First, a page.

• Prospecting data is being sold these days out of massive databases, which makes it far easier for marketers to select exactly the targets they want, by such criteria as title, company size and industry, irrespective of whether a “compiled” or a “response” name.
  • Company counts by SIC varied widely among the vendors, reminding us that data providers may have their own proprietary systems for flagging a company by industry code.
  • Job titles are getting fuzzier than ever. We found real IT professionals using titles such as Platform Manager and Reporting Manager-which makes it tough to know what they really do.

Given these developments, we urge our fellow marketers to probe carefully on data sourcing and categorizing practices, and to specify in great detail exactly what targets you’re going after, when buying data for new customer acquisition. And we suggest that you source from multiple vendors, in order to expand your market coverage potential. Happy prospecting to all.

Addressing the Skills Gap: 5 Reasons Why Year-End Giving Should Include a DMEF Donation

The uncertain domestic and global economy masks a glaring concern—one that goes to the root of sustainability in our discipline. In the direct, digital and database marketing fields, there is a tremendous shortage now of qualified professionals, and likely in the near and long term.

The demand [for talent] has far outstripped the supply.” – Joe Zawadzki, Chief Executive, MediaMath, The New York Times (Front Page, Oct. 31, 2011)

The uncertain domestic and global economy masks a glaring concern—one that goes to the root of sustainability in our discipline. In the direct, digital and database marketing fields, there is a tremendous shortage now of qualified professionals, and likely in the near and long term.

  1. In its seminal research report, From Stretched to Strengthened: Insights from the Global Chief Marketing Officer Study (October 2011), IBM states that an explosion of data, social platforms, channel and device choices, and shifting demographics all point to tremendous hurdles for CMOs [chief marketing officers] to overcome. IBM calls it “a gap in readiness.” The ability of higher institutions to provide global (and local) brands with people with skills necessary to capitalize on customer-centric interactions is vital.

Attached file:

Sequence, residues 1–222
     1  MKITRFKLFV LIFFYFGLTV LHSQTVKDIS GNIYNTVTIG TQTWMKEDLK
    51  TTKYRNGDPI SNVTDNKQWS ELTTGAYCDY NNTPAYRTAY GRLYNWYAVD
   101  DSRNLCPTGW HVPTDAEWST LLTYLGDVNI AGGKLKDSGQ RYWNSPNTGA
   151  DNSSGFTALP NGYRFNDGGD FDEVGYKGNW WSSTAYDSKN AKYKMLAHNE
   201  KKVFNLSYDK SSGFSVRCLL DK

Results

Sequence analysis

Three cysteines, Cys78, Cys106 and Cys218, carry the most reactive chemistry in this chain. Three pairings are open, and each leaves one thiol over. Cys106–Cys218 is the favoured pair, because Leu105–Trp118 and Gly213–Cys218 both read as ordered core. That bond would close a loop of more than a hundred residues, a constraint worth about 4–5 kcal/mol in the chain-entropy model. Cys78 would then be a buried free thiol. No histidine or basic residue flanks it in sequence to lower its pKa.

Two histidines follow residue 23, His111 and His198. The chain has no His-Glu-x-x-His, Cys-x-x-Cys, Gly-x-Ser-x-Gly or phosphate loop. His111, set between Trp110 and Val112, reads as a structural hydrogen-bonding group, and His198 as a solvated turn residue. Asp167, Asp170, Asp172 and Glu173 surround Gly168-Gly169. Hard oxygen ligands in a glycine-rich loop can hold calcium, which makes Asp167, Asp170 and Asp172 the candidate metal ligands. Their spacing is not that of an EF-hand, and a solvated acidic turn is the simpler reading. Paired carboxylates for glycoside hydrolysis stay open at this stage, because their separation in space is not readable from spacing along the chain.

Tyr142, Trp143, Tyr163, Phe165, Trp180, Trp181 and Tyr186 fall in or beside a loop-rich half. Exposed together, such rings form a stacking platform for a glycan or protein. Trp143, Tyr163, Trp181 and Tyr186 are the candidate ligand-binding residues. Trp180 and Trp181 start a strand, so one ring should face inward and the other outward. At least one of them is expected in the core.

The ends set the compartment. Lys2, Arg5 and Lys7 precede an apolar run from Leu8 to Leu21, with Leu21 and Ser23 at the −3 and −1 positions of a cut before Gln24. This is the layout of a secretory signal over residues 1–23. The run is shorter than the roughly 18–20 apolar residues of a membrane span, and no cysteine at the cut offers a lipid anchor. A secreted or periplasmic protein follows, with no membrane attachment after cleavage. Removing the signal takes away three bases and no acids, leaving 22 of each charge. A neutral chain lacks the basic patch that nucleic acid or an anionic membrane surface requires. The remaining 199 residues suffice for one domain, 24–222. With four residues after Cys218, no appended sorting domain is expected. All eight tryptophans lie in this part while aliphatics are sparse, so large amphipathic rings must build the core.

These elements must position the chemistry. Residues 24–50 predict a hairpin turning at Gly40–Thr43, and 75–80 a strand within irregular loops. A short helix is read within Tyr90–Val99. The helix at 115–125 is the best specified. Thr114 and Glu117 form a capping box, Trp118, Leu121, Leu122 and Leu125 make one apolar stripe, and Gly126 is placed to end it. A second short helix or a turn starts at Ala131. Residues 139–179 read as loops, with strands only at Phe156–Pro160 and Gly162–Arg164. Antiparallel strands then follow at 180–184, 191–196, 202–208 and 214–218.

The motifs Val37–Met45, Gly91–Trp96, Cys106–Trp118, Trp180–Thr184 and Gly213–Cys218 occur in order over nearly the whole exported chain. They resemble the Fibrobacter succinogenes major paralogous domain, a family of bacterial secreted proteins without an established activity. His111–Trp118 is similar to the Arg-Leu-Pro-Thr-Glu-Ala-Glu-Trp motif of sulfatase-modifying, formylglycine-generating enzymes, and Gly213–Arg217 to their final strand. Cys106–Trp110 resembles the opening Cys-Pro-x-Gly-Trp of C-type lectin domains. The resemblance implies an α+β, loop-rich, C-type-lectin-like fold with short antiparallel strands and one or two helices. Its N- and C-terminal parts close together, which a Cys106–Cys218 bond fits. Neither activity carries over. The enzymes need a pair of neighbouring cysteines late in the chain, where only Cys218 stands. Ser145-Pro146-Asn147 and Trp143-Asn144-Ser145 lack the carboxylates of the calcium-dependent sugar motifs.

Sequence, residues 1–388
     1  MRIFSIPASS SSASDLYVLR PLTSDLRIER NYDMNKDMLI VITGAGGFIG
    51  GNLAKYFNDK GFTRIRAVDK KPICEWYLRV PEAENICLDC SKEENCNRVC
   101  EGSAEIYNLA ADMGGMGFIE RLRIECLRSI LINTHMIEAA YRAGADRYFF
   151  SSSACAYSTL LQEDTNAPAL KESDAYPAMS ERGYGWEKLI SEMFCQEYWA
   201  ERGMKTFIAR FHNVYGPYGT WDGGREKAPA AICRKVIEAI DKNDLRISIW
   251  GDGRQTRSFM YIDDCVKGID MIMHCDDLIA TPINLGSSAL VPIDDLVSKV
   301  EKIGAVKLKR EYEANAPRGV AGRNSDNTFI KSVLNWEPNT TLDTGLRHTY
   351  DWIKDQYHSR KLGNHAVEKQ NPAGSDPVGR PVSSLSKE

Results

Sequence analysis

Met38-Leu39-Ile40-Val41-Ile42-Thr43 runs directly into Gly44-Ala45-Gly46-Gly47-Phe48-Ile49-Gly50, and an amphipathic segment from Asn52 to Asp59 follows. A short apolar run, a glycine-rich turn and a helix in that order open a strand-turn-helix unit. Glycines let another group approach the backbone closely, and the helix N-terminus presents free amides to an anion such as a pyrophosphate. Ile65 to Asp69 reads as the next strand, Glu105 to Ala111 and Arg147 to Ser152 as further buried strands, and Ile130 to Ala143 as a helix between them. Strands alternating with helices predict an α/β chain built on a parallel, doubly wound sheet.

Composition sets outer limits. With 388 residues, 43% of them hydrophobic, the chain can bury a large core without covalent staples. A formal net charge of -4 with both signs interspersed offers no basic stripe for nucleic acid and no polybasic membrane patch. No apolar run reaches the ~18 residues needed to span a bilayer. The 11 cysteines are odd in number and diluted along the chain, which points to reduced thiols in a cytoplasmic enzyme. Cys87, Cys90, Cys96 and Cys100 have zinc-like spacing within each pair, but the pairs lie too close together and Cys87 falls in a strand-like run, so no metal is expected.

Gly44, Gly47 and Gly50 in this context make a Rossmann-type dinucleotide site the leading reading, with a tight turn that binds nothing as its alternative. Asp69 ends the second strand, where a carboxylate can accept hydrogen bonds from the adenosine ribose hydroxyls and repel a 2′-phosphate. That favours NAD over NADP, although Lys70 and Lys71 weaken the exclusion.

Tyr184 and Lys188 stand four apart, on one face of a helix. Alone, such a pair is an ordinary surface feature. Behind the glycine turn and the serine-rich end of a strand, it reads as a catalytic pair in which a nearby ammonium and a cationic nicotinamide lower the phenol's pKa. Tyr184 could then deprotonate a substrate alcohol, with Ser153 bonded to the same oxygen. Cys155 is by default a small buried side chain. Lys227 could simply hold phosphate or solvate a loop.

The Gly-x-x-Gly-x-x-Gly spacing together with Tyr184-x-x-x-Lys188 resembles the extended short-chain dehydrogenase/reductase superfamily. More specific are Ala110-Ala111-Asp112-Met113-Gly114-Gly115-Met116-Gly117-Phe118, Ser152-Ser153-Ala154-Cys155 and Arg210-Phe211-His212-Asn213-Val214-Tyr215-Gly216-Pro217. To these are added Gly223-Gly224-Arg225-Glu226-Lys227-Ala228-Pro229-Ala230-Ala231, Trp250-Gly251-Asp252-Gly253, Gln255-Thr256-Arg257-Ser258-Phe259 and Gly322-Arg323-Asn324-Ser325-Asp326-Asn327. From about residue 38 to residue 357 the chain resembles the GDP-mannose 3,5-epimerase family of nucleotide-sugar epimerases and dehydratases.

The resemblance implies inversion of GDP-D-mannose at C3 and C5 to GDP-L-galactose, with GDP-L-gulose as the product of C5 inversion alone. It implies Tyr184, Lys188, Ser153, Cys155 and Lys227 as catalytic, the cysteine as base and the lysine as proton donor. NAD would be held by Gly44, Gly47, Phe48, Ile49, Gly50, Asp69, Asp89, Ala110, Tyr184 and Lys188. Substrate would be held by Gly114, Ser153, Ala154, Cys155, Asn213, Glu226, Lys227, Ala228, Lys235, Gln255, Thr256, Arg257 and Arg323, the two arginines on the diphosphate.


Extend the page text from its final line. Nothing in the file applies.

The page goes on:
2. Another current report from McKinsey’s Global Institute, Big Data: The next frontier for innovation, competition and productivity (May 2011), states that the world needs as many as 190,000 specialists with deep analytical skills whose sole focus is Web marketing (never mind, analyzing data in multi-channel environments). These new professionals will need to be steeped in mathematics and statistics, as well as in marketing and the vertical markets where brands reside.

  3. During the 2010-2012 period, according to the Direct Marketing Association (The Power of Direct Marketing, October 2011), the U.S. economy is forecast to create more than 280,000 jobs from mobile, search, Internet and email marketing alone. It’s vital we are able to deliver and develop professionals in our field who have requisite knowledge and education.

  4. In a recent employment study for Direct Marketing Association (Quarterly Digital and Direct Marketing Employment Report, September 2011), undertaken by Jerry Bernhart Associates, employers noted that analytics-related posts are the most highly sought in our field, followed by marketing, sales, creative and information technology. Most recently, 61 percent of employer respondents said they were experiencing difficulty attracting the right talent for open positions, with 50 percent attributing this to a shortage of qualified candidates, and 18 percent to a lack of specific job or technical skills.

  5. The Direct Marketing Educational Foundation (DMEF) serves to address the skills gap by enabling its Scholarship program, Student Career Forums, intensive training in interactive marketing (I-MIX), its Professor’s Institute, among other activities, to make direct and interactive marketing one of the most highly attractive fields for young adults. During the past year, DMEF engaged 2,580 students, more than 270 professors, and 650 schools in its various programs. We stand ready to exceed our success this coming year—but we need your support to do it.

For these five reasons, I just sent my donation to DMEF for its year-end DirectWorks Challenge (an initiative where I serve as a consultant). I encourage every professional in our field to make a tax-deductible donation today—preferably before Dec. 31, with my thanks: www.directworks.org/contribute

It’s the one donation that keeps giving back to us as marketing professionals.